The International Olympic Committee today announced an outright ban on the Russian delegation at the upcoming Olympic Games this February in Pyeongchang, South Korea, although athletes that are cleared of a controversial state-sponsored doping program are allowed to participate under the Olympic flag.
The ban, instituted after reports showed that the Russian government sponsored a wide-reaching doping program, which saw its nexus at the 2014 Winter Olympics in Sochi, Russia, states that no Russian officials are allowed at the Games, the Russian flag is not to be flown, or the Russian national anthem is to be played under any circumstances. Cleared athletes not previously banned for doping will be able to compete as “Olympic Athletes of Russia,” under the Olympic flag and anthem.
The ban is the first of its kind in Olympic history, which has seen many boycotts, and many countries compete under neutral flags, but never on a scale like this and for reasons like this. The Russian government has vowed that their athletes will boycott the games outright, as many consider the idea of participating neutrally without the Russian title as being tantamount to treason against the Russian nation.
While this will have a sweeping impact on all of the sports at the Pyeongchang Games, and potentially even the 2020 Summer Olympics in Tokyo, the next Winter Games in 2022, and beyond, the implications for hockey are particularly interesting, both for the men and women’s tournaments:
- For the men’s team, the players are not part of the doping ban, as being part of professional drug testing as well meant that these players were not under suspicion from the 2014 Sochi Olympics. However, if Russia sends no athletes to Korea, the Russian team’s absence would leave an empty spot in the tournament, which may or may not be filled by this February.
- However, the Kontinental Hockey League, the world’s top league to plan on sending athletes to Pyeongchang (as the NHL is sitting these Olympics out), is now at an impasse, as the Russian-based league has vowed that in the case of a ban, that all KHL players, Russian or otherwise, would too be banned from participating in the Olympics. However, the KHL, which is a member association of the IIHF, would be risking their membership by sabotaging other team’s efforts, and if the KHL does manage to bar its players from going to Korea, the field will look drastically different, as the world’s top two leagues would have zero representation.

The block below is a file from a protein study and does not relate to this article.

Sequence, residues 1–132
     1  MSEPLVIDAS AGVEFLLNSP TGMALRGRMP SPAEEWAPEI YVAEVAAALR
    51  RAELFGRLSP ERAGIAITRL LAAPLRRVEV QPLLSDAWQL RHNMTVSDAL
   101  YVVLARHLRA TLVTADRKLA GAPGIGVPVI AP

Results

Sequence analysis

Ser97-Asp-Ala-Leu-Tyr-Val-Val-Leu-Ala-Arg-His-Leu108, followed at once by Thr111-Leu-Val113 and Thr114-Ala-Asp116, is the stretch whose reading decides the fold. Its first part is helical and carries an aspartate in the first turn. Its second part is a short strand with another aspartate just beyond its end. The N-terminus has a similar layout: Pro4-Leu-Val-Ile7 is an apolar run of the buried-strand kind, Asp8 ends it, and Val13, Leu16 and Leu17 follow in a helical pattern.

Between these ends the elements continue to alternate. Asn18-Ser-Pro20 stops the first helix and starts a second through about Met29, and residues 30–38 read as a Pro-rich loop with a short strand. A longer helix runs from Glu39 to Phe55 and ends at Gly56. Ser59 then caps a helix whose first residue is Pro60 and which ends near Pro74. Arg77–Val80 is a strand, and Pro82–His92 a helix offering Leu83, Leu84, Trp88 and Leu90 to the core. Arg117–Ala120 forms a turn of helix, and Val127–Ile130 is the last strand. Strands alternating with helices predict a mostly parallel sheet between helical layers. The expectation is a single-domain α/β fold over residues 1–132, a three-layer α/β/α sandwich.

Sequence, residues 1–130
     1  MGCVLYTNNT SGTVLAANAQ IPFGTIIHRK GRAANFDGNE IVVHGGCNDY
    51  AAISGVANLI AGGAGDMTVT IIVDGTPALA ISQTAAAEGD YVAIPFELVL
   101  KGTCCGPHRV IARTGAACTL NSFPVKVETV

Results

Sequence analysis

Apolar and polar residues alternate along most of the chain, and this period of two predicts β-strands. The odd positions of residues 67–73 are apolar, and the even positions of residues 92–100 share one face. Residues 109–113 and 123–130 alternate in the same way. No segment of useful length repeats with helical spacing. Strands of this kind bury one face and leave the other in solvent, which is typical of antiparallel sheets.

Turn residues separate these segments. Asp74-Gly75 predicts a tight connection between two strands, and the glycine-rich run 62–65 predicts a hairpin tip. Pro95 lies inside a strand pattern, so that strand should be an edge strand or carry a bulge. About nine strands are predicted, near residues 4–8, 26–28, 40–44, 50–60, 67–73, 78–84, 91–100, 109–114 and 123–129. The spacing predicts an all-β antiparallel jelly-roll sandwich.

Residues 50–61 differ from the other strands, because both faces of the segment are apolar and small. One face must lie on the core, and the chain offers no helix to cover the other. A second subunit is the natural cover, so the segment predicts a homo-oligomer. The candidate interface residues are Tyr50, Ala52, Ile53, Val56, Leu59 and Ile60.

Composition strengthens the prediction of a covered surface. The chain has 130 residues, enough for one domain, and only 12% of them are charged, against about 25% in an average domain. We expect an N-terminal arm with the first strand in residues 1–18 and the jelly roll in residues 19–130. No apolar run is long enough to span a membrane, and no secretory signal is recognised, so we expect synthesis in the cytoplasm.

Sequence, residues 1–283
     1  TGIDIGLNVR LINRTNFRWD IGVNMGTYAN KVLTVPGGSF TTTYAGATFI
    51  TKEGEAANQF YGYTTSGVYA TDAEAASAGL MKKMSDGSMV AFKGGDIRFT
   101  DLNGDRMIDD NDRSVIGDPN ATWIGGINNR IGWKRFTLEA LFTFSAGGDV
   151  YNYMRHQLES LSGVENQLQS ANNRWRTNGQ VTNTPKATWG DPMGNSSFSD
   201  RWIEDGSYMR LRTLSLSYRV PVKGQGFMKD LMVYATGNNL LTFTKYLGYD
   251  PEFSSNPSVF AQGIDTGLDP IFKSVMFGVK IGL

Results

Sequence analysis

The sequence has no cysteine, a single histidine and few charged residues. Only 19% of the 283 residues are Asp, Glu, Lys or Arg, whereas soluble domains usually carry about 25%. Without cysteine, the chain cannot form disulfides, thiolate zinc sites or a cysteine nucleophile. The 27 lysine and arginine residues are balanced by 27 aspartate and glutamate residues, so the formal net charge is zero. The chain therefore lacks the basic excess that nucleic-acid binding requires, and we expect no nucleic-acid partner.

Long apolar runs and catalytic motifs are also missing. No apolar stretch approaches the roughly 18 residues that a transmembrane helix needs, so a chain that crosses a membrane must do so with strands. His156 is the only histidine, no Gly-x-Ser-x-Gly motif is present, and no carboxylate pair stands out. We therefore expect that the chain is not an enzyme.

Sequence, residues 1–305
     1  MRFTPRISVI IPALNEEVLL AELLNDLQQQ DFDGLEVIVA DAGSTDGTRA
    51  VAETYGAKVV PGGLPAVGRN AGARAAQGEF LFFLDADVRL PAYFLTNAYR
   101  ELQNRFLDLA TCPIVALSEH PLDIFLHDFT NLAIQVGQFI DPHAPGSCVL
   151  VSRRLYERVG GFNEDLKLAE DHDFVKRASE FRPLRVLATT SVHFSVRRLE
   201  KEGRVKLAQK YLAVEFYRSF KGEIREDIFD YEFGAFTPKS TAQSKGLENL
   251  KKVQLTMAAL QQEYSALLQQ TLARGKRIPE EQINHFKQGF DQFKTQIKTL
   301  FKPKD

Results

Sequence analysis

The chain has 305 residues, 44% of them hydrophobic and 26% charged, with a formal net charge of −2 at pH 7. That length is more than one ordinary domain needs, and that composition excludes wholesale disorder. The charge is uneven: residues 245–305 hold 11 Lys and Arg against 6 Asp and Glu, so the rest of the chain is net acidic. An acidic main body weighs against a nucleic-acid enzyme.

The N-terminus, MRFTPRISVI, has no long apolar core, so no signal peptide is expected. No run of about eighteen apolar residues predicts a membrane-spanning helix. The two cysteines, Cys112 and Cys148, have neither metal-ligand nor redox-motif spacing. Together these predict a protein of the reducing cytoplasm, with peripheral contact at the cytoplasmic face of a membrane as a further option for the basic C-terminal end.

- For the women’s team, the players on the 2014 team were in fact found to be participating in the doping program, meaning that the entire team may very well be banned from the 2018 Games. If Russia does intend to send any athletes at all (to participate under the Olympic flag), the Russian team would be left to rebuild from scratch essentially, likely counting on junior players to make up their squad. If no Russian athletes participate at all in the tournament, like the men’s tournament there will now be one less team in the tournament, and whether the IIHF would replace the Russians with another national team before February is up in the air as well.
From the perspective of the International Hockey Lineal Championship, there is now the possibility that Russia could ironically stop the IHLC from making it to Pyeongchang on the men’s side, as they are participating in the Channel One Cup next week, and if they leave the tournament with the title, it would no longer be in contention for the next event, the 2018 Olympics.
This bombshell announcement will surely have ramifications to the Olympic tournament and beyond in the coming days and weeks, which we will track here. However, the game has certainly changed just three months before the Opening Ceremonies in February, and the medal tables in Pyeongchang, for hockey and otherwise, will surely look very different when the Games begin.